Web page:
2.12. Patient-Derived Xenograft Therapy Selection and Validation

The patient-derived xenograft model established from the patient’s tumor was used to perform in vivo testing of multiple potential treatment options. Results from in vivo testing are presented as tumor volumes 21 days following initiation of treatment, selected as the experimental endpoint (Figure 4).

2.12.1. Whole Genome Sequencing

Whole genome sequencing identified several nonactionable variants, including amplification in the ALK gene. While not specifically linked to ALK amplification, PCB-209 showed moderate sensitivity to crizotinib in vitro (Supplemental Table 3); thus, the ALK-inhibitor crizotinib was selected for in vivo PDX validation, which showed no statistically significant slowing of tumor growth versus control (, Figure 4(a)).

2.12.2. Chemical Screening

Two clinically available compounds with the lowest absolute IC50 values (panobinostat, pan-HDAC inhibitor, and carfilzomib, proteasome inhibitor) were selected from the research-level chemosensitivity assay for in vivo PDX validation. Panobinostat also showed efficacy on the PCB-209 primary culture (Supplemental Table 3). Both panobinostat and carfilzomib inhibit targets were found to be expressed in both primary and PDX tumor tissue (Figure 1(i)). Carfilzomib showed no statistically significant slowing of tumor growth (, Figure 4(b)), while panobinostat showed statistically significant slowing of tumor growth (, Figure 4(c)).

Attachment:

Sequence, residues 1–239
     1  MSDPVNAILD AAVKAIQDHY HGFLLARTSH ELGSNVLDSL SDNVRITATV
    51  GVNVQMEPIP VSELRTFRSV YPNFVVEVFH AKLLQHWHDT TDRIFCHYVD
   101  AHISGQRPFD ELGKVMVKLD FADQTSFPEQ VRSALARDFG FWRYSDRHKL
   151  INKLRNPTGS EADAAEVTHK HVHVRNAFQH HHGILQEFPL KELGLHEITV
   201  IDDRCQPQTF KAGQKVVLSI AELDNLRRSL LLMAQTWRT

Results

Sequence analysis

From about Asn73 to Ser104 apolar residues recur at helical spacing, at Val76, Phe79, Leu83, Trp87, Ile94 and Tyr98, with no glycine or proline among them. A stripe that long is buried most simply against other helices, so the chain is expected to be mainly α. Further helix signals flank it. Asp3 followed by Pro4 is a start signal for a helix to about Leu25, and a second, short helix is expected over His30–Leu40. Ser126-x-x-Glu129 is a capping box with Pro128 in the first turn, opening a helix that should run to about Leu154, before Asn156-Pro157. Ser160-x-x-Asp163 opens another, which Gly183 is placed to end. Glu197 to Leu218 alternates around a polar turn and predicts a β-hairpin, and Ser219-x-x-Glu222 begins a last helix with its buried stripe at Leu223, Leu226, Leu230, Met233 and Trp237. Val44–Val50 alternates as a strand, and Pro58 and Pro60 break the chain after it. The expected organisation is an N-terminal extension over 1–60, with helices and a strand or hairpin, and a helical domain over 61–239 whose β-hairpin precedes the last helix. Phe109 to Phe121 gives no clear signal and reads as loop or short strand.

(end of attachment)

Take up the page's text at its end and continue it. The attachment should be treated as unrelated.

2.12.3. Immunohistochemistry Analysis

Immunohistochemistry-based analysis results and evidence of existing drug synergy [19] motivated the selection of celecoxib (COX2 inhibitor) and trametinib (a MEK inhibitor not identified by morphoproteomic immunohistochemistry (IHC) profiling) for in vivo validation. The celecoxib and trametinib combination showed a possible in vivo effect but was not statistically significant (, Figure 4(d)).

2.12.4. Probabilistic Target Inhibitor Map Modeling

PTIM modeling of PCB-209 data guided selection of the combination of ABT-737 with midostaurin for in vivo validation. Individually, both ABT-737 and midostaurin were predicted to not show efficacy in vivo but in combination would show synergy and efficacy.

As predicted, PTIM-guided single agents did not show statistically significant slowing of tumor growth (, Figure 4(e)). Due to low replicates at conclusion of the in vivo experiment, the PTIM-guided combination could not be analyzed for statistical significance. However, the PTIM-guided combination was tracked at the lowest tumor volume in vivo (µ = 450 mm3, Figure 4(e)).